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New Fox Sports Network Hopes To Challenge ESPN's Cable Dominance


From NPR News, this is ALL THINGS CONSIDERED. I'm Audie Cornish. News Corp announced a brand new cable sports channel today. It's called Fox Sports One. TV sports have become dominated by ESPN, which takes in one of every $4 earned by all cable stations in the U.S. So as NPR's David Folkenflik reports, Rupert Murdoch's media colossus is trying to get in on more of the action.

DAVID FOLKENFLIK, BYLINE: Chase Carey is News Corp's chief operating officer. He spoke to financial analysts last month about what he called the worst kept secret in television, that News Corp's Fox division wanted to create a new channel focused on sports.

CHASE CAREY: Our bundle of cable channels that really cover the spectrum of the four arenas of entertainment, news, nonfiction and sports, we want to continue to be opportunistic at finding things, you know, where we can build real value, we can build businesses that capitalize on the other assets we own.

FOLKENFLIK: News Corp is already a force in sports. The Fox broadcast network carries the NFL and Major League Baseball. It also owns 23 regional sports networks in major markets such as Chicago and Los Angeles that focus on local teams. Fox Sports One will broadcast college basketball and football and in subsequent years Major League Baseball and NASCAR. Fox tried to create a national network in the 1990s by binding together its regional sports networks in a station featuring former ESPN anchor Keith Olbermann.


FOLKENFLIK: It failed largely because advertisers do not buy commercials regionally to reach a national audience. But a national network for sports remained a goal, especially as advertisers are attracted to sports viewers who tend to watch live television - commercials and all - as opposed to the increasing number of people who time shift - watching at their own convenience and often ducking the ads. Again, News Corp's Chase Carey.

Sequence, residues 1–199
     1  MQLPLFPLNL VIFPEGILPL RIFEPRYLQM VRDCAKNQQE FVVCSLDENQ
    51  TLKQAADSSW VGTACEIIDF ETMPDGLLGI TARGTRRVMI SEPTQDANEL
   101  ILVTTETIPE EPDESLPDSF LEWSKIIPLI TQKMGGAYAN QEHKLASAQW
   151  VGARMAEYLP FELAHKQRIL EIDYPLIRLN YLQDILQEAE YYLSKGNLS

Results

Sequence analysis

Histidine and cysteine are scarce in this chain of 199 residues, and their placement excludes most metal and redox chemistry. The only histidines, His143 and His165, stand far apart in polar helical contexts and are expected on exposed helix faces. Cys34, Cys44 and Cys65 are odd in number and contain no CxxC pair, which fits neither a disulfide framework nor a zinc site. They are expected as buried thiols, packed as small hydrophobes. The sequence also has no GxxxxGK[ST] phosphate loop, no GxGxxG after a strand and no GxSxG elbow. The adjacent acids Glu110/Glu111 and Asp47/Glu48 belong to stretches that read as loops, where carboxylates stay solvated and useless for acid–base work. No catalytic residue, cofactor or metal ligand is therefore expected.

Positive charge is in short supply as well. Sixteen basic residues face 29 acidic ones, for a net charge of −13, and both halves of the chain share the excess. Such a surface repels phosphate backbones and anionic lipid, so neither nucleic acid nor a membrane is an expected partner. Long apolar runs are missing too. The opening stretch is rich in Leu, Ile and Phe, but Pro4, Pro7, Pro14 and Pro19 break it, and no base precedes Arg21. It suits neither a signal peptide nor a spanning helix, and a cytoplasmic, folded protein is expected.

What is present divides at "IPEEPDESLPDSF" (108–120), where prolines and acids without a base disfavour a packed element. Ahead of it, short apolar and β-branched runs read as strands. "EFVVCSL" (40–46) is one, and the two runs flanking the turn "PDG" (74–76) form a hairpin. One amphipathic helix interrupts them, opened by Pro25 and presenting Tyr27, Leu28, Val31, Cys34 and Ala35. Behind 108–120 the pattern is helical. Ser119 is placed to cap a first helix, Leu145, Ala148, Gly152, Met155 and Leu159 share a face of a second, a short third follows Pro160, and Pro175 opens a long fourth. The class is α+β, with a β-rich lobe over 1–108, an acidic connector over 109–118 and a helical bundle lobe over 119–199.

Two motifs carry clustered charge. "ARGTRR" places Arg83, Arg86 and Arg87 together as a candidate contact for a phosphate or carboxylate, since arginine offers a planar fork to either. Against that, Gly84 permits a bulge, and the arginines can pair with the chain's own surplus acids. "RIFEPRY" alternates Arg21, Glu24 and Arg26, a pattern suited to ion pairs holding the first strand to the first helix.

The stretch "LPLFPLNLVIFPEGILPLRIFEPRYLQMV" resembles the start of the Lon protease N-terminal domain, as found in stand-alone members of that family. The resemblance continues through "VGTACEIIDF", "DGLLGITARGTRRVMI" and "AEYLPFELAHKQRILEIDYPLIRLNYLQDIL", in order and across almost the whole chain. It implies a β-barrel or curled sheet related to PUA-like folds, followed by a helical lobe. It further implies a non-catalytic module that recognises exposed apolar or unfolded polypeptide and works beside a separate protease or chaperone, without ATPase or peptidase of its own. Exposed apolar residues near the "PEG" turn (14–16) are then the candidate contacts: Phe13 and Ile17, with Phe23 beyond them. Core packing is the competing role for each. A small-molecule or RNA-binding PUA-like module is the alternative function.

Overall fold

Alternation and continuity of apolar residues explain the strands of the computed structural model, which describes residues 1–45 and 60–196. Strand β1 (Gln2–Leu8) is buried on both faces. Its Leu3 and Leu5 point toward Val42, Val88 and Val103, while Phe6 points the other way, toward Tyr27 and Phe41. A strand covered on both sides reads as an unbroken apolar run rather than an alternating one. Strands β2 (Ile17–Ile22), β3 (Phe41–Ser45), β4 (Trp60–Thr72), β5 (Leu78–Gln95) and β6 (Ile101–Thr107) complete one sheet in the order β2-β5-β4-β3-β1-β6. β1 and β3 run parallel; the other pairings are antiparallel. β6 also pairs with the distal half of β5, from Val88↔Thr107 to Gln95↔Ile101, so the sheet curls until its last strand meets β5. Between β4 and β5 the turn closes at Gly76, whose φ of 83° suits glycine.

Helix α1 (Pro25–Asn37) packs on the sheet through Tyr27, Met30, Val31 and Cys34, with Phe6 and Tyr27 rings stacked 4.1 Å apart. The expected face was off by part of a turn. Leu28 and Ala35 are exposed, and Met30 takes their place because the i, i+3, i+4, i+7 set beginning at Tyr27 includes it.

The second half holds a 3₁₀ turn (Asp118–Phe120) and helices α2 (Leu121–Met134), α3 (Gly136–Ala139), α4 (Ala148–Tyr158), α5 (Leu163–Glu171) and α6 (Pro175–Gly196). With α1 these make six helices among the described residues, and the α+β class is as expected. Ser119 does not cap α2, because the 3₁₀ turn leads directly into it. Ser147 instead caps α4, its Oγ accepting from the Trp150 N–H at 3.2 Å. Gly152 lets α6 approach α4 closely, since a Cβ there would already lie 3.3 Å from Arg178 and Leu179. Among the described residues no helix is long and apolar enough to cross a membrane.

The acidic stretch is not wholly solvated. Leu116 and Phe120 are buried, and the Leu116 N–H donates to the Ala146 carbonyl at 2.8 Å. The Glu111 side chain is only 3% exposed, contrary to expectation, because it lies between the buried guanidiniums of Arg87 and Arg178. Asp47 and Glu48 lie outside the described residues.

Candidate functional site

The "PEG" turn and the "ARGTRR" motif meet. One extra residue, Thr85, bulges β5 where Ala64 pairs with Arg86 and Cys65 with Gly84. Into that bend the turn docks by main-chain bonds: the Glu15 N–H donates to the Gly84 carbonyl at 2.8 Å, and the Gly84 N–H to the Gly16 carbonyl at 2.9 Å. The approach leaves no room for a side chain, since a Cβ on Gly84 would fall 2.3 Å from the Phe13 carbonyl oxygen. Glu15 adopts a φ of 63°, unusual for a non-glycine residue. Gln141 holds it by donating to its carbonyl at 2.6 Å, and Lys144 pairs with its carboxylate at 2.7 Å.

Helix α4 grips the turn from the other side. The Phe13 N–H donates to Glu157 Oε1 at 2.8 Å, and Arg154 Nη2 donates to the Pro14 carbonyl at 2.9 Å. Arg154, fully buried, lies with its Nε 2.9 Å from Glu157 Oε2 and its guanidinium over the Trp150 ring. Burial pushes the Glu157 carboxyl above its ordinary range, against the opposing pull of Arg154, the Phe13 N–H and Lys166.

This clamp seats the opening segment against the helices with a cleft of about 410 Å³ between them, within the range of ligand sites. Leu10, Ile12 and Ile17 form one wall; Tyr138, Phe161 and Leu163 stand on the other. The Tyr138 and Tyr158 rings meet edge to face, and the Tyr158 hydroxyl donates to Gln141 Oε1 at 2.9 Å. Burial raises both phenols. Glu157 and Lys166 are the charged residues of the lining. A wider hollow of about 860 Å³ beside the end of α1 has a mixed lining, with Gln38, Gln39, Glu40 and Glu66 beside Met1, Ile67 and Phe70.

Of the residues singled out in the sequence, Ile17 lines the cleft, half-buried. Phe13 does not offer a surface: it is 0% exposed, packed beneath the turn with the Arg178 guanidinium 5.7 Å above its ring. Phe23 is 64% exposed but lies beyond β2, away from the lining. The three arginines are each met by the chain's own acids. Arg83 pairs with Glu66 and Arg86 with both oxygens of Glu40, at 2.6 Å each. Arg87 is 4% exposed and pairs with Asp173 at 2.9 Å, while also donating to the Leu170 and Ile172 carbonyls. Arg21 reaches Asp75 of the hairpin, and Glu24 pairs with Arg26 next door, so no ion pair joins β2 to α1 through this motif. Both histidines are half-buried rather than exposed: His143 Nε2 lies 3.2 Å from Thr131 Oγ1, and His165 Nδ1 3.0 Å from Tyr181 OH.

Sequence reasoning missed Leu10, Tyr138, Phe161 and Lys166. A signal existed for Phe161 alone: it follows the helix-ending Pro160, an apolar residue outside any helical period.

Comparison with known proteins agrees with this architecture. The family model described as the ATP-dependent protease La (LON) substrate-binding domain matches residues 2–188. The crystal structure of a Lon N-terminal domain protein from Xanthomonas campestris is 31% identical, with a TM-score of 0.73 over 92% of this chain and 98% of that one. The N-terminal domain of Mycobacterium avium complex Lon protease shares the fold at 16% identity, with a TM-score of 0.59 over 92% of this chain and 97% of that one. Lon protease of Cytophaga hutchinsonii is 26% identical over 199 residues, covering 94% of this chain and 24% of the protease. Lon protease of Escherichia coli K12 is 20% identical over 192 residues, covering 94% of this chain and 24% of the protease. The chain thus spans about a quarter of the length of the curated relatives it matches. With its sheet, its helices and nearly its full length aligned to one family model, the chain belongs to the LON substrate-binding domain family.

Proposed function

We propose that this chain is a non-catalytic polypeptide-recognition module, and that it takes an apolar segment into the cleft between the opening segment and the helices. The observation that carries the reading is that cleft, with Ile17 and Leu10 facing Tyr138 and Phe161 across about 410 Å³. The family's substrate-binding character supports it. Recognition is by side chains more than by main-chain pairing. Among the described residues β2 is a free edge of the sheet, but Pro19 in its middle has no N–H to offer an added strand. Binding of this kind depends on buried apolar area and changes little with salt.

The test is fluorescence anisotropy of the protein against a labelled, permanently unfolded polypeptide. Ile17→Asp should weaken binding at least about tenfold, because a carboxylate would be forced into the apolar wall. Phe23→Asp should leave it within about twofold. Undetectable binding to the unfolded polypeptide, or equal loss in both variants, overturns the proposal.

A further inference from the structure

CAREY: In a world of increasing fragmentation, we think sports continues to be a more and more important and unique part of that overall landscape.

FOLKENFLIK: In 1993, Fox paid $1.6 billion to secure the rights to broadcast the NFL's then dominant NFC division, swiping it from the CBS network. It was considered a lot of money to pay. Neal Pilson remembers it well. He had been president of CBS Sports for 13 years.

NEAL PILSON: It was a huge acquisition for Fox, basically helped launch and support their new network, allowed them to secure much stronger stations. And they bootstrapped their way to becoming a very equal competitor of ABC, NBC and CBS.

FOLKENFLIK: Pilson, now a consultant, says Murdoch will succeed once again.

PILSON: They'll do it the Fox way - aggressive, paying whatever it takes to secure rights on a long-term basis. And I think they're going to be very competitive.

FOLKENFLIK: Fox Sports One will be available to approximately 90 million homes from its first day in mid-August. Its name hints at the other open secret within Fox - they're mapping out a Fox Sports Two as well. David Folkenflik, NPR News, New York. Transcript provided by NPR, Copyright NPR.

David Folkenflik was described by Geraldo Rivera of Fox News as "a really weak-kneed, backstabbing, sweaty-palmed reporter." Others have been kinder. The Columbia Journalism Review, for example, once gave him a "laurel" for reporting that immediately led the U.S. military to institute safety measures for journalists in Baghdad.